Venders kindly greet and offer their goods. Venders know what is hospitality very well here. Real hospitality, with a genuine smile and welcome.

I met hospitality from everyone except guards of Palais Royal. I was politely expropriated from all three gates I tried to enter. Later Kamil – my volunteer guide and new friend in Rabat, whom I met on a street,  – explained me that only Moroccans have right to enter the palace. The amount of national flags – red canvas with a star in the middle – near it made me suggest it’s still a residence –not a king, but a president nowadays.

Kamil took me to the Maussoleo de Mohammed V, which tower teased us right across the river from our yacht-club. Mohammed had taste: his last shelter looks subtle and nice, reminding more a palace than a death chamber. Guards in traditional clothes on the entrance were busy, making photos with tourists. I felt myself almost like in Agra (probably, I would feel : )

Kasbah des Oudaias is a fortress of ancient times, infused by artistic spirit of times contemporary. Not only musicians and cats feel themselves at home here. Tourists stare on beautifully decorated doors and walls, painted in bright colors. Shadow of exotic gardens – pride of Rabat.

In the narrow passage of the fortress my arm was caught by a woman. She wanted to make me… an injection. In fear I ran away: I thought she will inject me a drug. That was just henna, that is used to paint on surface of hands.

The garden of Kasbah

Hm… and another disappointment: cards that we bought on market for 10 Dh (about 90 cents) in the fortress cost 2 Dh… To be a customer in Morocco is a skill that demands knowledge and character. You won’t be “robbed” by vendors – but being self-confident and eloquent can save 50% of price.  It’s a game – not for victory tho, but for pleasure. And some profit could be.

The ancient walls of Medina that "host" a big open-air market

For 100 Dh we bought spices and mint tea – traditional drink of Morocco. Now we have enough tea and spices till Brazil.

In the restaurant of Kasbah the waitor served another traditional dish – bakery. It deserved the best mark from us, sweet-eaters. 10 from 10 in the rating of “Vagabond”.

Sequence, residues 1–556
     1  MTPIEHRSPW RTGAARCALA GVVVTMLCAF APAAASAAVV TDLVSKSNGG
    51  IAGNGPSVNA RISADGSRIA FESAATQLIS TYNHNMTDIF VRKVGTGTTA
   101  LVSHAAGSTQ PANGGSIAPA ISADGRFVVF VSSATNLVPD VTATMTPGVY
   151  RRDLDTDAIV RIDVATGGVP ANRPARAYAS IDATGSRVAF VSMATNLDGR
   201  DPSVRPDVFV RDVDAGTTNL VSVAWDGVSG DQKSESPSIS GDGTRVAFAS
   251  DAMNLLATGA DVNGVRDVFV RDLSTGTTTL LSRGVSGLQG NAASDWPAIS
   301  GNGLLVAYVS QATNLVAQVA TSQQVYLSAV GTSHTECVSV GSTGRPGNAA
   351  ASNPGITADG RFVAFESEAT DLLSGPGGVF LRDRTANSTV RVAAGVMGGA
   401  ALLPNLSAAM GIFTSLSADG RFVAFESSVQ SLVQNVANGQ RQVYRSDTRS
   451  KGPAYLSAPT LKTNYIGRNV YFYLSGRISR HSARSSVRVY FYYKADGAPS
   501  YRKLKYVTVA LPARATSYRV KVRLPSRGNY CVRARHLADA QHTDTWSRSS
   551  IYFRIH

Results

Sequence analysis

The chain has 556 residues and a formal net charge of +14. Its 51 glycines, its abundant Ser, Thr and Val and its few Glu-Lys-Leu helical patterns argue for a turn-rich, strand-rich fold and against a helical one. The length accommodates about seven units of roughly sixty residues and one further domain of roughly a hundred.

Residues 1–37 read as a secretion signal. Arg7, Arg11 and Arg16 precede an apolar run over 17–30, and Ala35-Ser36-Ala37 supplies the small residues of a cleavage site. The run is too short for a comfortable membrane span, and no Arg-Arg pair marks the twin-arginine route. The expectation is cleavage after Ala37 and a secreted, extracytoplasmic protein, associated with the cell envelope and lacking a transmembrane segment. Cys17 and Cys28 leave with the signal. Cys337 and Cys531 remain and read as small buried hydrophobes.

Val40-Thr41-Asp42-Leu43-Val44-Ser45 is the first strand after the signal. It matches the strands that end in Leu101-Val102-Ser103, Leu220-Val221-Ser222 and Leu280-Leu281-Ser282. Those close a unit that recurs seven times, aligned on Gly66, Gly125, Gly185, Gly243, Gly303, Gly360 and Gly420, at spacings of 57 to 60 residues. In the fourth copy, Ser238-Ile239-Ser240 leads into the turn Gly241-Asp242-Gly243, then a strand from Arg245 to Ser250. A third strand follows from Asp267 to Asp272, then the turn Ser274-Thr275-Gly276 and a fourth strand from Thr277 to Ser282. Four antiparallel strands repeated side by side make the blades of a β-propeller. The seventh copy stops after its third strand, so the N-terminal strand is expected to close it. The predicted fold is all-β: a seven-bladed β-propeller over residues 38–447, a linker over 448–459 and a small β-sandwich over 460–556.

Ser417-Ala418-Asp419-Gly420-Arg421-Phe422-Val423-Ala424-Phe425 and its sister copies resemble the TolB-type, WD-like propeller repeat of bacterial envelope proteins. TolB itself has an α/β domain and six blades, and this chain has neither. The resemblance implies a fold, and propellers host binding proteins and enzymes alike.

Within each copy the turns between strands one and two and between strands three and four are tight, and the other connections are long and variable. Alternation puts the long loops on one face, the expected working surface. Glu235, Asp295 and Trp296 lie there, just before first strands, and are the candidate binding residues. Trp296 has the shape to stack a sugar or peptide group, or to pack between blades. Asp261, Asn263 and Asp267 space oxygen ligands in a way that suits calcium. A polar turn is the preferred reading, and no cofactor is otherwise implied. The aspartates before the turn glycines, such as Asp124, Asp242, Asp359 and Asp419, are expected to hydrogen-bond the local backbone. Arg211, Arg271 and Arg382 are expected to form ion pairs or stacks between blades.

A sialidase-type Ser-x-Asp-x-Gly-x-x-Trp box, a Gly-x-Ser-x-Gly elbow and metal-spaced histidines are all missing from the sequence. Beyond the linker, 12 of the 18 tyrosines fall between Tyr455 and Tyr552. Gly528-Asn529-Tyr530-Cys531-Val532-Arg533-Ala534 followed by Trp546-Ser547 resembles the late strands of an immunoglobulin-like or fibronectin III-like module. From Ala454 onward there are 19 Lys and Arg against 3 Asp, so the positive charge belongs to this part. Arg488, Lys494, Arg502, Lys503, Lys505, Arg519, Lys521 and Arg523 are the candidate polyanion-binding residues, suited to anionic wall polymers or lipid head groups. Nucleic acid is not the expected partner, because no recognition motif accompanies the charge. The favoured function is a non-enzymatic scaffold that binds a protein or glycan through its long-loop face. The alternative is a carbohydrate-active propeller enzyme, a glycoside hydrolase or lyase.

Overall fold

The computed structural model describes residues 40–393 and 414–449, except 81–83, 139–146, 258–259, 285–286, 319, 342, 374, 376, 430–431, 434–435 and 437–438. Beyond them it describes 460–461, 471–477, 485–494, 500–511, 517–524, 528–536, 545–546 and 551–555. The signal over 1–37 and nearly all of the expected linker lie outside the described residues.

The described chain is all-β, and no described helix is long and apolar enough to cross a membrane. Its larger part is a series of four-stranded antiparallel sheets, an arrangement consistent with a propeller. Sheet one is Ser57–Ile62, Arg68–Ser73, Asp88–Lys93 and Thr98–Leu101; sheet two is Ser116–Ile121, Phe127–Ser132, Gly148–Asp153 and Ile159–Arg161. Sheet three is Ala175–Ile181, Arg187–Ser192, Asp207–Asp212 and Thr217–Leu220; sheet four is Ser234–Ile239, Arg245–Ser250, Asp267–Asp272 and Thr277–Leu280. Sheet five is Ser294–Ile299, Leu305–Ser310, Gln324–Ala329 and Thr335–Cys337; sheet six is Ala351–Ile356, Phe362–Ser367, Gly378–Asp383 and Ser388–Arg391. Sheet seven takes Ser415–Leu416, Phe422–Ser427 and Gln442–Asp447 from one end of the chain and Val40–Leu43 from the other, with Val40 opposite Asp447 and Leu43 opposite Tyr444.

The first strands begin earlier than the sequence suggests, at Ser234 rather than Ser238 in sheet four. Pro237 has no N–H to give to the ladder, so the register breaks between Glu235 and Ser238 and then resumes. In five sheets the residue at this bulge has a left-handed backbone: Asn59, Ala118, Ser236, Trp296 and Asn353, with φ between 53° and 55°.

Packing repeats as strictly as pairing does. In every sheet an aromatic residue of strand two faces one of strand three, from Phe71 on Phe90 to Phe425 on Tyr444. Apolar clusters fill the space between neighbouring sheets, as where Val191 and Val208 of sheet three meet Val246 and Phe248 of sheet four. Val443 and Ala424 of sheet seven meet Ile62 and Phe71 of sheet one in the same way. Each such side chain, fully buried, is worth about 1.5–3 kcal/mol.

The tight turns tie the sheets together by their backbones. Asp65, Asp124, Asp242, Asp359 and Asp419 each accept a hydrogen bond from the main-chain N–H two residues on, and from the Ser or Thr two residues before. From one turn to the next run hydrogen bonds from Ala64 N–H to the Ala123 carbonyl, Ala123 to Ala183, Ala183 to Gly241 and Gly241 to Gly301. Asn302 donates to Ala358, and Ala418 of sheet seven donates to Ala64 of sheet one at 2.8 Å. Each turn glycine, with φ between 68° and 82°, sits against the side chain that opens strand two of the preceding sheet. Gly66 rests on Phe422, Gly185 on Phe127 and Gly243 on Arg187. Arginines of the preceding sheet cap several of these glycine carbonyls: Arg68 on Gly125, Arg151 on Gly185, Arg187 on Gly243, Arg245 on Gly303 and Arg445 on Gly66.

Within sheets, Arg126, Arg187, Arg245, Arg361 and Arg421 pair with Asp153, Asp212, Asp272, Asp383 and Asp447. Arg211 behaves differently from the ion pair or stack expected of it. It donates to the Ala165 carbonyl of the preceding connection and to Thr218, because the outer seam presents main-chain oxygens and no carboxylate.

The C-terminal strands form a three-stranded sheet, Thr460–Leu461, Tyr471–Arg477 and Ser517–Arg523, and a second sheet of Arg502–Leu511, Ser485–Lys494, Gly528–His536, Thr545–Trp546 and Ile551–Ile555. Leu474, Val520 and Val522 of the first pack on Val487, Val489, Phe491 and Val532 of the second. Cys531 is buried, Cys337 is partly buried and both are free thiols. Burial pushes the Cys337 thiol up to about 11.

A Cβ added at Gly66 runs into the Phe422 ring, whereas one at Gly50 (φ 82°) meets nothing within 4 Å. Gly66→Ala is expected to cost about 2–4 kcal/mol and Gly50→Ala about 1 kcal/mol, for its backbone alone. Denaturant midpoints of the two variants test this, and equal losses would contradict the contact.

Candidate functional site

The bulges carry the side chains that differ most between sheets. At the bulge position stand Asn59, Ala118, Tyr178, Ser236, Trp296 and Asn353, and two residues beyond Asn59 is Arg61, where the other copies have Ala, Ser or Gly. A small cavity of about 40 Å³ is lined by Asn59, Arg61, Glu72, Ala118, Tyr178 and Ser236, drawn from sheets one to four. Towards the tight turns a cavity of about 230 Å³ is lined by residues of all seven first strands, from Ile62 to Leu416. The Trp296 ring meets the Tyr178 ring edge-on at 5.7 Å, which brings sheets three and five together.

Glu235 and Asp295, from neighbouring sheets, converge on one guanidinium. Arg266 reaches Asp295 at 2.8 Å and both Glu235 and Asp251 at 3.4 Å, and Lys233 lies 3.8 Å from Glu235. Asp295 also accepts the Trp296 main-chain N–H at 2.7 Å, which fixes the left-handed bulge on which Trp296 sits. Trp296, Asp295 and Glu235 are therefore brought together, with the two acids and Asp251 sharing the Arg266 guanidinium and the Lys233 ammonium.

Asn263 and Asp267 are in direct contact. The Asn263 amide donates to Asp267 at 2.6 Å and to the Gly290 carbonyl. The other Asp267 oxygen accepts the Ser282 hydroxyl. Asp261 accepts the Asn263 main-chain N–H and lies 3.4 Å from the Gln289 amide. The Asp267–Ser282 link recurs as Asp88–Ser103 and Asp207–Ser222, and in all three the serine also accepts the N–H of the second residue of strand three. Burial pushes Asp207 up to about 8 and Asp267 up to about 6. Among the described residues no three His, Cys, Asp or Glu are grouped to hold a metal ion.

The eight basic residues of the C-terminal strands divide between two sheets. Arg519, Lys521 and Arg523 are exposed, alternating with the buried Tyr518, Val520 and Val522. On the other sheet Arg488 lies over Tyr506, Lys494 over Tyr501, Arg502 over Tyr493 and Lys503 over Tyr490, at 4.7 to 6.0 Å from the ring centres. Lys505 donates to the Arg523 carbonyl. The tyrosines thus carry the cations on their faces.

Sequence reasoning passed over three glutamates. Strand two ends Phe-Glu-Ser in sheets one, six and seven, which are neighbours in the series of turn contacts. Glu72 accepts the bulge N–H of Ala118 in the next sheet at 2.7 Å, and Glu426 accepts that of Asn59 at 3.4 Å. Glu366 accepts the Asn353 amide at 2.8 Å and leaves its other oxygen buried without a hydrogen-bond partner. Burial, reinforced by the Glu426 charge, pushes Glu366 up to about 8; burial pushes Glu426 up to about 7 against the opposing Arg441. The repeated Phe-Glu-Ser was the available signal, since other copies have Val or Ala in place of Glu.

The kitten relaxing in a restaurant of Kasbah

We go to Casablanca. Noone of us watched the movie. We have no idea what is it famous for.

We went along the coast, enjoying view of resort towns full of summer houses. Looked similar to Costa del Sol. Or Cote d’Azur. Some poor clue houses were also around. Horses and donkeys grassed nearby. Rural scenes of Marocco made me remember Namibia. We stopped on the road to buy some fruits.

Casablanca, probably, is famous for its industrial zone. It’s huge, dirty and overpolluted.

We wandered on the market of Casablanca. This time we made a brief inspection. Local market is bigger than Rabat’s. But the most famous city for shopping is Marrakesh – 150 miles from Rabat.

Probably, Casablanca is also famous for traffic jams. We were lucky to get out of the city before being completely stuck. By the way, to be a driver or pedestrian in Morocco you needn’t know anything about rules. Just pray for good luck and go. Because no one cares. If the rules exist here, no one uses them. Including road police, who deserve a medal, trying to organize this mess somehow.

Welcome! Bienvenue! Marhaban! مرحبا

Back to the darkness, humid and chilly.

That’s not a warm wrap of Mediterranean, but cold squeeze of Northern Atlantic ocean. I do not complain: this night is summer vacations if to compare with Baltic or Northern seas in autumn. We’re in 12 hours till Rabat, the capital of Marocco. This country has been luring me for a long time.

My history of getting to Marocco:

Plan A: This spring I was planning a trip to Marocco but, due to financial situation and upcoming long-lasting journey, cancelled it.

Plan B: Another chance had appeared, when we arrived to Tarife this September. It takes 35 minutes from this Spanish town to get to Maroccan Tangier. But boycott of our freezer closed this way for me too – we went to the north, to Cadiz.